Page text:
Let’s not simply encourage the oppressed to be calm and act peacefully. Let us, in the words of Isaiah 1:17, “Learn to do good; seek justice, correct oppression.”
In a recent article, Christian hip-hop artist Lecrae discussed the tragedy that occurred in Charleston, S.C., last week. In it, he voiced his concerns about people’s propensity to offer forgiveness without stopping to address and remedy the real issues at hand. He went on to say: “We don’t need a cliché and a proof-text for every social issue. We need hands and feet in the cities, institutions and infrastructures. The same gospel that frees the soul frees us to live selflessly toward others with genuine compassion.”
Yes, forgiveness is a necessary step in moving forward after a tragedy. It’s what we are called to do as Christians: “Repay no one evil for evil, but give thought to do what is honorable in the sight of all. If possible, so far as it depends on you, live peaceably with all…” (Romans 12:17-18). However, can forgiveness without action serve as a crutch? In times like these, when a group of people are being targeted and persecuted, should the church and Christians do more than just preach forgiveness?
Lecrae thinks so. To him, when it comes to oppression and persecution, there’s very little room for passiveness. Not only should we be a forgiving community, but we should also be an active one that seeks to end wrongdoings whenever we see them. There are people all across the world who are being persecuted for their race, for their religion or for some other senseless reason. And unless we all stand up together as Christians and as human beings, with God by our side, these problems will persist.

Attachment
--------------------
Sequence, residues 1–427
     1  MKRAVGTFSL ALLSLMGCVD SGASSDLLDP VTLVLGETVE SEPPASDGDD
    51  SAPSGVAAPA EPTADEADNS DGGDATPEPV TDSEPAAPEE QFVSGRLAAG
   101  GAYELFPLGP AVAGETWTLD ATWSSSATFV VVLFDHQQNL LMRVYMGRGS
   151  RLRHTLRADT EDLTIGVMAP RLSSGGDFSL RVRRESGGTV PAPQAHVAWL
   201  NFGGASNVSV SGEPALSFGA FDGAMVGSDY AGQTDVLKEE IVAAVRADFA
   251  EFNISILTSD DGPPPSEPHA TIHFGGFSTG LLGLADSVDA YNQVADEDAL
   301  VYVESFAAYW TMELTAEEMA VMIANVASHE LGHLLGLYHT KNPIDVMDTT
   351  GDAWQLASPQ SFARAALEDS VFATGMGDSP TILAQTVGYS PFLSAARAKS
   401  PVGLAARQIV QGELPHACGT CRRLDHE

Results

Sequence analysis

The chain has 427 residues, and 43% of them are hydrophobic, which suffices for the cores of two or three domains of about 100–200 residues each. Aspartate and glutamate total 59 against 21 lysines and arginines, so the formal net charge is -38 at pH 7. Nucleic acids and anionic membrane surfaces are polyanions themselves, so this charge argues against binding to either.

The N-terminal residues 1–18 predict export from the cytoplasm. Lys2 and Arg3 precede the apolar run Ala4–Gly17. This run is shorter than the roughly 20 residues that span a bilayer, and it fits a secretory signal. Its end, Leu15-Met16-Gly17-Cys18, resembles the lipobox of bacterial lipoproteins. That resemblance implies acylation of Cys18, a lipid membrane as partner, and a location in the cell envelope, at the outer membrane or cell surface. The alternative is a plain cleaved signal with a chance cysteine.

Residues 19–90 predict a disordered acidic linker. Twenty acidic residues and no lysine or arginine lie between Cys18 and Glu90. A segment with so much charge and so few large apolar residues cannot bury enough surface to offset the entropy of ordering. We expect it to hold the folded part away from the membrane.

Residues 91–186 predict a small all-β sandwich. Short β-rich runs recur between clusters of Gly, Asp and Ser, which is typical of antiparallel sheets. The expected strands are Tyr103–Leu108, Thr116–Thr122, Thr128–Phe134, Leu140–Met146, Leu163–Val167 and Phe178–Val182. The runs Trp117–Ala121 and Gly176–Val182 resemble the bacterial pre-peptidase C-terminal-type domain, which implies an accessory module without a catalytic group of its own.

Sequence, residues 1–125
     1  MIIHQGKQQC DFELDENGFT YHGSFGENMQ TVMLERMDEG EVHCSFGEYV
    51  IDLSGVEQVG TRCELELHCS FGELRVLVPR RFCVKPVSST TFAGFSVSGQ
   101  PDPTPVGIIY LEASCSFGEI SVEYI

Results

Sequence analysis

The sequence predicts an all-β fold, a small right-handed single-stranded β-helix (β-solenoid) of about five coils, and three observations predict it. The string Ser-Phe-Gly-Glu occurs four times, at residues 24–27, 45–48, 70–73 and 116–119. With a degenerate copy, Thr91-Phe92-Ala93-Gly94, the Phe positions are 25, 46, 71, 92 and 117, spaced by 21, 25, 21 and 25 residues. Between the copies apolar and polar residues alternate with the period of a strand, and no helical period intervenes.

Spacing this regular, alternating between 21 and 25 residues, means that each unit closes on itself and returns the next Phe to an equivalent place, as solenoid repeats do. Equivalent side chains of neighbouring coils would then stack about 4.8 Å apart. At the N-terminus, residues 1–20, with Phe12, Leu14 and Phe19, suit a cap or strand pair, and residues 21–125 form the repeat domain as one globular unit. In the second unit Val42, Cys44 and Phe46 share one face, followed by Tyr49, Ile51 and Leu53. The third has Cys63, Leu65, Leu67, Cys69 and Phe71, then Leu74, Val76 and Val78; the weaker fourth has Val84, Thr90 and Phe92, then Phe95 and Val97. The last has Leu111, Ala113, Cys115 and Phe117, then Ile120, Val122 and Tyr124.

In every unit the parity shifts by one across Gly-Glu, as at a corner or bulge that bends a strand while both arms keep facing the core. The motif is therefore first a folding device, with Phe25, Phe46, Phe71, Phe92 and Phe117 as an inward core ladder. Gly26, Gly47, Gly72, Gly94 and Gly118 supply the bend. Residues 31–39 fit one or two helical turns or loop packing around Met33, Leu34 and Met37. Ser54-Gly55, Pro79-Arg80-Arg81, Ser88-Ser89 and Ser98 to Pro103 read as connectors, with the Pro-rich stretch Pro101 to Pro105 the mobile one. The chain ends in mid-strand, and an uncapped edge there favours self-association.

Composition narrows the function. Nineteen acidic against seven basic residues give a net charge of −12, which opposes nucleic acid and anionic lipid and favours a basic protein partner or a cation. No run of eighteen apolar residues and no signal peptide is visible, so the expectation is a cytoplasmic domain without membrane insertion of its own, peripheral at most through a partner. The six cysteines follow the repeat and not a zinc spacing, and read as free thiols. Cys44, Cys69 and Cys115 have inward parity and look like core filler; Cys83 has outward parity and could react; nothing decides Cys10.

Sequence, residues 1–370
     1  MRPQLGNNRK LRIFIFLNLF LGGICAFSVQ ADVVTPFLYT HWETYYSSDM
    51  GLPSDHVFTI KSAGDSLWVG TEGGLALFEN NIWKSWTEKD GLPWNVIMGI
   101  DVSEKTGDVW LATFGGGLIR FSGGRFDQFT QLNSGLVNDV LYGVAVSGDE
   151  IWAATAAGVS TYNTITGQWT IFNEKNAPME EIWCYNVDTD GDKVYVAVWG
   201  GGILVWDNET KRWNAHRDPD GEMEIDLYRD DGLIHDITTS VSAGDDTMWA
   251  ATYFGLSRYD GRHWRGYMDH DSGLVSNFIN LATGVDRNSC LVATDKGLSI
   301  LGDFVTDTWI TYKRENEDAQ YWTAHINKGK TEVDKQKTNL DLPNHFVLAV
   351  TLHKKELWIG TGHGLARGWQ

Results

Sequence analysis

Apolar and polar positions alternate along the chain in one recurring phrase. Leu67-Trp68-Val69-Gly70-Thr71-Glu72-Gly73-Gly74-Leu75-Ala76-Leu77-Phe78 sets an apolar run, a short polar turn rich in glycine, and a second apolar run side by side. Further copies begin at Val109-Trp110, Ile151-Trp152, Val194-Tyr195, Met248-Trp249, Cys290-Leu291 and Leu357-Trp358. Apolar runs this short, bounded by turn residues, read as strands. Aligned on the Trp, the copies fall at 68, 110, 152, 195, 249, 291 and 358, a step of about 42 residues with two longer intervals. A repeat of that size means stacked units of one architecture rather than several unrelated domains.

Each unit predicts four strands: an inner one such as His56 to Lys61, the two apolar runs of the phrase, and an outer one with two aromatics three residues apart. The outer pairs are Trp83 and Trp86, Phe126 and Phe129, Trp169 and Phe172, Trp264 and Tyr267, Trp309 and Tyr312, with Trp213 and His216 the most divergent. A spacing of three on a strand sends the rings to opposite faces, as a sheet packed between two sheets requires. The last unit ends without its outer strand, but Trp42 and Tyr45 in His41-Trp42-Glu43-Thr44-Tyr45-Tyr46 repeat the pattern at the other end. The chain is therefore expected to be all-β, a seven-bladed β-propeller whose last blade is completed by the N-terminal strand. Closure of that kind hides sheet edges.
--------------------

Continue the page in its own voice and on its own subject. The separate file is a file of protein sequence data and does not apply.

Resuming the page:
The world is hurting right now and it’s in need of not only forgiveness, but also of action. Each of us has the ability to help, even if it’s just to speak out against wrongs. For what good is talking the talk of Christ if we’re not also walking the walk? We owe it to our brothers and sisters around the globe to do all that we can to help.
But if anyone has the world’s goods and sees his brother in need, yet closes his heart against him, how does God’s love abide in him? (1 John 3:17)
Find Lecrae’s full article here.